Everyone passes that one around, laughing at their sullen portrait as wedding attendants, their chuckles melting into "aww"s as they flip through pictures of the couple with their son. The last several pages are blank, "so's you can take more pictures and put 'em in, like," Stacey explained excitedly.
Pam and Mick give them a cheque. Inside the card, Mick's spidery handwriting reads, "Hell of a journey, eh?"
Smithy feels a smile creep across his face of its own volition, allows his eyes to dart up and meet his wife's, taking in a grin that mirrors his own. He is aware that a world exists outside this room, this town, this country – but at the moment, he really doesn't give a damn.
Months become years. Neil the baby becomes Neil the most fascinating little person he's ever met, with a stocky build and a mouth smart enough to put both of his parents to shame. Smithy does his best to conceal his bemused pride each time the nursery teachers complain about some comment or other Neil has made in front of his innocent and impressionable peers. Not that Neil is likely to have any luck corrupting his best friend; despite being a year younger, Trevor Shipman is every bit the foil his father is. (He also has his mother's complete inability to keep a secret, which ruins most of Neil's schemes before they can be set into motion.)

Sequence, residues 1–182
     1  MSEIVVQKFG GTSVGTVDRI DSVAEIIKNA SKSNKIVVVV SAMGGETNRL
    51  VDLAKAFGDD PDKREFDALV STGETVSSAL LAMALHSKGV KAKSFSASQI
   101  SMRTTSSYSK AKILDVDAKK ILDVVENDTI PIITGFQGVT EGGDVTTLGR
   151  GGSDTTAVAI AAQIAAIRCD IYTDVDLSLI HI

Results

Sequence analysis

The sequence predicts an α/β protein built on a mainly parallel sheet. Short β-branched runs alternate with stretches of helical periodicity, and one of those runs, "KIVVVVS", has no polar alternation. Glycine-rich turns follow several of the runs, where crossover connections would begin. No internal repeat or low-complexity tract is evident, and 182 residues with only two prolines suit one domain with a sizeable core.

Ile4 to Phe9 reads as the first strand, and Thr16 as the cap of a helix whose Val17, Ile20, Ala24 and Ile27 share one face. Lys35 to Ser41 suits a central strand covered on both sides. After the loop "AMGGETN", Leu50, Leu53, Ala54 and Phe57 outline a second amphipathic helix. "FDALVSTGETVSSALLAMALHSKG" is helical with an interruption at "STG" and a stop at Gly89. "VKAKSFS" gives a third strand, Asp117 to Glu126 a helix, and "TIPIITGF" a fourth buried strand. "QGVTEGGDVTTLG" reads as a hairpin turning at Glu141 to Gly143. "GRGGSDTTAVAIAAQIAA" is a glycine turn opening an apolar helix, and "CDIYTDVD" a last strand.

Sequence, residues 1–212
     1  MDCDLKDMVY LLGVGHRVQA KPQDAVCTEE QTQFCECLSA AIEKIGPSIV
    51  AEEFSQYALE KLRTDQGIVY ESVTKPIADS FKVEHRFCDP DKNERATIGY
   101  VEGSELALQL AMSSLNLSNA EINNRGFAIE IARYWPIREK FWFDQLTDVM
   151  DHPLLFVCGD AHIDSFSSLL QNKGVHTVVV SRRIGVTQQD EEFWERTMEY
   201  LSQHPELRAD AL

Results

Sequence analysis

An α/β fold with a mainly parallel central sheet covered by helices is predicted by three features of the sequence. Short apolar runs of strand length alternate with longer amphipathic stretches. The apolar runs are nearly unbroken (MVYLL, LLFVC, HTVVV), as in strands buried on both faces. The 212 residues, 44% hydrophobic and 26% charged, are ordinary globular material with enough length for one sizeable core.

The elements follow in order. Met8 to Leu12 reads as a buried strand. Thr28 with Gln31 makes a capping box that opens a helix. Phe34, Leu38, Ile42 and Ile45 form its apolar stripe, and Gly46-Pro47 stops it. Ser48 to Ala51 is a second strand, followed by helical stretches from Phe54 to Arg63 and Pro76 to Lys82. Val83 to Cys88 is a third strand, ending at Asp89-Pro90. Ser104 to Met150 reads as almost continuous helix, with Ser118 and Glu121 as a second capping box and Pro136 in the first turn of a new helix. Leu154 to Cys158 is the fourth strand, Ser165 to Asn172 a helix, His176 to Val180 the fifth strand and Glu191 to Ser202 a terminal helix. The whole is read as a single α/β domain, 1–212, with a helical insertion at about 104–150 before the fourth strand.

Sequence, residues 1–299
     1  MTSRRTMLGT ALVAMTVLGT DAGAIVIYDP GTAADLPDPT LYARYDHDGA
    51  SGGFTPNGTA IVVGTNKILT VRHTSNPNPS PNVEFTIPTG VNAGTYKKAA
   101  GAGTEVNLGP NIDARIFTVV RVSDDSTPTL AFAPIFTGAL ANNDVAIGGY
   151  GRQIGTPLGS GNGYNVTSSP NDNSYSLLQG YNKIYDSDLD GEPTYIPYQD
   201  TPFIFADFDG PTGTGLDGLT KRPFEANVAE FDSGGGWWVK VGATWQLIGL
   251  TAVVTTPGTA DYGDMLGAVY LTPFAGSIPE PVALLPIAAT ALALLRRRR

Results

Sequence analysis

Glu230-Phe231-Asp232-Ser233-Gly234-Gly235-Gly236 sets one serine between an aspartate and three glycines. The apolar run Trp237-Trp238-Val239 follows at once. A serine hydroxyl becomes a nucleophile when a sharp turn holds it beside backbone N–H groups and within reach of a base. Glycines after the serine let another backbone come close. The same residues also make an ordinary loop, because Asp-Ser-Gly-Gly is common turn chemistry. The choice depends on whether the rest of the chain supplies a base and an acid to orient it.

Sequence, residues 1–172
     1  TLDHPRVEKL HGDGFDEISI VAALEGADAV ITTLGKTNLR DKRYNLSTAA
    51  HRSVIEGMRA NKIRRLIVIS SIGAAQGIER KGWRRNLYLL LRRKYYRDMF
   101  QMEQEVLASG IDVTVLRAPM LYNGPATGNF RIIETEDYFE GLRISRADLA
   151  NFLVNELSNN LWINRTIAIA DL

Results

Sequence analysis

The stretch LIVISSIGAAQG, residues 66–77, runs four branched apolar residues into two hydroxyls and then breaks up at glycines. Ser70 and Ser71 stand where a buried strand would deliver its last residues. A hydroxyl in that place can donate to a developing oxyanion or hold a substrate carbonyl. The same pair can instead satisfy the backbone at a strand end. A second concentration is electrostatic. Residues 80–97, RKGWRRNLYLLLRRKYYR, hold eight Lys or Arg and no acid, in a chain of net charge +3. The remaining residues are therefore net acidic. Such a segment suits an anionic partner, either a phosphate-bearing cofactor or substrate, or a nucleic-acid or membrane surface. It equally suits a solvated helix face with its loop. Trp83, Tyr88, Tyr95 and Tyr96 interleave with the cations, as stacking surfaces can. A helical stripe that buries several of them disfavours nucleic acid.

Today has been one of those in-between days, typical of Barry in late spring: too warm for a jacket, but too cool to go without. Smithy concedes to the weather and strikes a compromise, pushing the sleeves of his zip-up sweatshirt up past his elbows.
He approaches the pier, waves to Nessa and Stacey up ahead. Gwen must have dropped the kids off at the amusement centre near the end of Nessa's shift; Neil and Trevor chase a football across the sand, while Alison, with Stacey's fair hair and Gavin's smile, toddles behind them.
From the opposite direction, he sees Gavin coming around the corner, loosening his tie as he walks. Smithy quickens his pace as he watches an evening full of possibilities stretch out before him toward the sunset.
This is the beautiful life into which he had enough dumb luck to stumble.
This is home.